We who are called to be saints of God must see that we enjoy such worldly pleasures in their right moderation, seeking our highest joy in Christ, lest we attempt to fill our hearts with the things of this earth that are passing away, and find them miserable in the company of our Savior.

Woe to you, when all people speak well of you, for so their fathers did to the false prophets.

Boy, do I want to be liked and respected.  Some people want to be famous, well-known, trusted as experts in their field.  Some people have less ambition, but we all want at least to be liked.  Early in St. John’s Gospel, a pharisee named Nicodemus met with Jesus by night to discuss his teaching on new life and second birth.  He came to him at night presumably because he didn’t want other people knowing he was talking to Jesus.  Later he spoke with Jesus more openly and hesitantly defended him at his trial, but he was still silenced by the question “are you his follower too?”  Even St. Peter himself denied Jesus when push came to shove.  It’s so much easier, and feels so much safer, to go with the flow.  But we must pay attention to what we’re doing in those moments.  A man cannot put his wife on hold and pretend he’s not married for a few minutes just so that he can attract or enjoy the attentions of another woman for a little while.  A soldier cannot take a break from the battlefield on a whim of personal convenience.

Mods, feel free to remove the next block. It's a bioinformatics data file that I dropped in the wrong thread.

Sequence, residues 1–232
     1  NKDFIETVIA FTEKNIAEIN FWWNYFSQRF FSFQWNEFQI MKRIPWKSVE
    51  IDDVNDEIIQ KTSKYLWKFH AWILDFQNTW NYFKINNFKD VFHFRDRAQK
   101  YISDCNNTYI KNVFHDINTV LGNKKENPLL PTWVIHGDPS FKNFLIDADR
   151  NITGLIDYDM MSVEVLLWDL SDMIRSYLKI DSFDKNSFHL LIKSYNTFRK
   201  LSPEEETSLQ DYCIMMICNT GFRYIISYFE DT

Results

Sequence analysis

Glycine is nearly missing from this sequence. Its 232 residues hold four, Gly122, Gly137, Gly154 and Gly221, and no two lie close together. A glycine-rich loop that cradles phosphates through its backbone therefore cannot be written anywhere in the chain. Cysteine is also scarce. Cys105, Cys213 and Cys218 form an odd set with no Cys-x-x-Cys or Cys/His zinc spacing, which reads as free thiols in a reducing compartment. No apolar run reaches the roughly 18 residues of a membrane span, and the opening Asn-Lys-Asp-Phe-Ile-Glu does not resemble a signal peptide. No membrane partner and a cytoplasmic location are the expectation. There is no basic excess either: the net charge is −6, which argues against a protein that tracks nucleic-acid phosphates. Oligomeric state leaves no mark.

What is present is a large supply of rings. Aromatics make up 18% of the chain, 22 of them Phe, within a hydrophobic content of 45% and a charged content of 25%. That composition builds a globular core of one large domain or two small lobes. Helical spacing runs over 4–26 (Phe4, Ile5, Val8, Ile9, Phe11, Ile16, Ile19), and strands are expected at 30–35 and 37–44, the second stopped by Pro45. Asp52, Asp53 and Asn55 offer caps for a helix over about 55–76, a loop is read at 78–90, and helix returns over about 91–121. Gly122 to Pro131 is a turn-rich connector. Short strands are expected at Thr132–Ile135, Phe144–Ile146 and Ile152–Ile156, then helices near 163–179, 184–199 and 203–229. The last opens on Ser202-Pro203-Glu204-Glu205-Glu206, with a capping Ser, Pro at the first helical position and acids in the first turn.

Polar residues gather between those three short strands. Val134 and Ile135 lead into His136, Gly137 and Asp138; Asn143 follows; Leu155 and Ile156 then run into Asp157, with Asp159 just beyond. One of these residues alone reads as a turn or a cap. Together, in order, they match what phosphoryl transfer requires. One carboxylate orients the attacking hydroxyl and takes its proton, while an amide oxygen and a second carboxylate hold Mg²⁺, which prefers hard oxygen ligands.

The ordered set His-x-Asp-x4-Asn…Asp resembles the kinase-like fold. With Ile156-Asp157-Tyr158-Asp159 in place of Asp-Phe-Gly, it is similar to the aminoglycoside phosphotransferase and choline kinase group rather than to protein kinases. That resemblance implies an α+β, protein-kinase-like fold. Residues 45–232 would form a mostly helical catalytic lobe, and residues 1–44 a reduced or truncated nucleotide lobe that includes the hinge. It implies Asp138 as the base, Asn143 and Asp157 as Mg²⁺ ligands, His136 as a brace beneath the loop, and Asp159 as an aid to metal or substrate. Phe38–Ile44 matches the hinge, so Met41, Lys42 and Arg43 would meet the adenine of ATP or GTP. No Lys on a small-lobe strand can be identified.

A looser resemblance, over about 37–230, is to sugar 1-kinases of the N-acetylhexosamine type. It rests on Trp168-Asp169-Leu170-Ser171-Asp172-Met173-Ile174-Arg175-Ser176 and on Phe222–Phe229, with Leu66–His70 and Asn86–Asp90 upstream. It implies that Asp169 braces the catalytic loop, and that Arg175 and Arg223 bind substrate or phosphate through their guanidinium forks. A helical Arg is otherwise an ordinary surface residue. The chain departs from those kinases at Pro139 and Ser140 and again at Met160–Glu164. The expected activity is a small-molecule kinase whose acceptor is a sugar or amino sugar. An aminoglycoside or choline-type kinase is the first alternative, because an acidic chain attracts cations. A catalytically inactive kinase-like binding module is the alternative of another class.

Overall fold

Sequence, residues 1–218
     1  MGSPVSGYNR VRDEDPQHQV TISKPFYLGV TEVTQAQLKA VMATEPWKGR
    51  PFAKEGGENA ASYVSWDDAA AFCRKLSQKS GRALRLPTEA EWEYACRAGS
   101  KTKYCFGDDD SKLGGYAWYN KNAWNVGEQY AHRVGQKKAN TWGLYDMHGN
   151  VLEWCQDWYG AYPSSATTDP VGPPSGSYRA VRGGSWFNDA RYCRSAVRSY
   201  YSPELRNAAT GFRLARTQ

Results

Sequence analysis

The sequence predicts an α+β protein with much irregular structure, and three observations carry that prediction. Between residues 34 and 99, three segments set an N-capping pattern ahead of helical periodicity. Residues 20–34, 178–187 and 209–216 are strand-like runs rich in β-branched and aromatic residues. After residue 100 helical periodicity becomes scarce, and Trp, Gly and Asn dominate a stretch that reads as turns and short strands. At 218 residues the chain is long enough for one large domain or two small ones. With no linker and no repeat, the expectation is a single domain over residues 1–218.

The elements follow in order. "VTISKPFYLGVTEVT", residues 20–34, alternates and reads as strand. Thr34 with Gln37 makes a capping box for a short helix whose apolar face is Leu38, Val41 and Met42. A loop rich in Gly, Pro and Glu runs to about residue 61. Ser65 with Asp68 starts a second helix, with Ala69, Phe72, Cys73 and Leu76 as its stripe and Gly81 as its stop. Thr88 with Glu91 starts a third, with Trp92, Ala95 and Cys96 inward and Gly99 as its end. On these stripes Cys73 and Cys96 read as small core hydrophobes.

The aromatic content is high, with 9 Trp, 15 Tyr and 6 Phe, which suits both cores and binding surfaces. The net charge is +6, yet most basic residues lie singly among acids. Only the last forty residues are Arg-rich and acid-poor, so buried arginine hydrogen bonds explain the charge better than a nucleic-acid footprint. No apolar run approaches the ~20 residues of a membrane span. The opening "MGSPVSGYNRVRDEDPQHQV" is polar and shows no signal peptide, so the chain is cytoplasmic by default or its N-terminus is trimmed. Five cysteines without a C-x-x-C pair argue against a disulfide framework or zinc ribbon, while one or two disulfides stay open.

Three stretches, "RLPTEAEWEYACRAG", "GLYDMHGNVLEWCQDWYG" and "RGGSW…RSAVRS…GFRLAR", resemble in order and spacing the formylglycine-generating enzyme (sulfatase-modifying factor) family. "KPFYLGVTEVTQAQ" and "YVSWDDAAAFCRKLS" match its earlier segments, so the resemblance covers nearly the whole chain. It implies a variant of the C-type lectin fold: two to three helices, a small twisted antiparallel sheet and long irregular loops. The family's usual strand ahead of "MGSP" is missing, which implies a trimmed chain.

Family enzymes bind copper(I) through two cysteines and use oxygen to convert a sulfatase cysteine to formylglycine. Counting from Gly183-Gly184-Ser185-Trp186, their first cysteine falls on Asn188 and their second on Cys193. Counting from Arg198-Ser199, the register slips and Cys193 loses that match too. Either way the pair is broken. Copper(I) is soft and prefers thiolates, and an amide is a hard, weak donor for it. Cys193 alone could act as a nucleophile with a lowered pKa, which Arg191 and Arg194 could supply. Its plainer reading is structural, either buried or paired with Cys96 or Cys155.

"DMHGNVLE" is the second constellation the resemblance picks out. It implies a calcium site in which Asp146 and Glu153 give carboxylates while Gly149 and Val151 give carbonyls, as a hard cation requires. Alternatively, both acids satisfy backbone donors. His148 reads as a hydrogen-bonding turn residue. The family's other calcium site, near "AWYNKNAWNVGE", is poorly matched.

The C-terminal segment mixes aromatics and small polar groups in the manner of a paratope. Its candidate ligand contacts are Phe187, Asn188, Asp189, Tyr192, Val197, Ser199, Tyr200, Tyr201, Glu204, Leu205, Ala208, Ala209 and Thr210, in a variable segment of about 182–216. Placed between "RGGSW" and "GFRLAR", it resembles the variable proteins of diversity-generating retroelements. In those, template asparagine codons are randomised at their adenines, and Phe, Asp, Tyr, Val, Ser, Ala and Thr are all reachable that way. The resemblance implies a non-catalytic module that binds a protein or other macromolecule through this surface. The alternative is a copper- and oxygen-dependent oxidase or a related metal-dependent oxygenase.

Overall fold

We who are called to be saints of God must take care that we do not forsake Christ for the sake of our reputation in this temporary life.  It is easier to fly under the radar, so to speak, but to do so is to follow in the footsteps of false prophets, people who chose treachery against their Lord.  Rather, we must cling to Christ and accept the realities that faithfulness to God is not always personally, politically, or even privately expedient.

In place of those four woes, let us pursue the corresponding blessings.  “Blessed are you who are poor… Blessed are you who are hungry now… Blessed are you who weep now… Blessed are you when people hate you and when they exclude you and revile you and spurn your name as evil, on account of the Son of Man!”  To be in that place where you accept the hardships of this life in anticipation of the perfection of eternity is to be in a blessed state.  There are times, perhaps too many times, when we live in ways that merit Christ’s woe.  But as people called to be saints of God, we both actively pursue and faithful trust the way of blessing that Christ has set out for us.  The examples of the Saints show us that no failure is ultimate failure.  God “has promised forgiveness of sins to all those who sincerely repent and with true faith turn to him”.

We can, therefore, nay, must, join the great train of Saints from ages past, following Christ Jesus, who is the Way, and the Truth, and the Life, from the old life of sin to the new life of true blessedness, sanctity, sainthood.  That’s the Gospel of All Saints’ Day – today we celebrate our destiny in Christ.

About Fr. Brench

I'm an Anglican Priest and a sci-fi geek. Therefore, I write about liturgy & spiritual formation, theology & biblical studies, and Doctor Who. But I keep those blogs separate so I don't confuse too many people!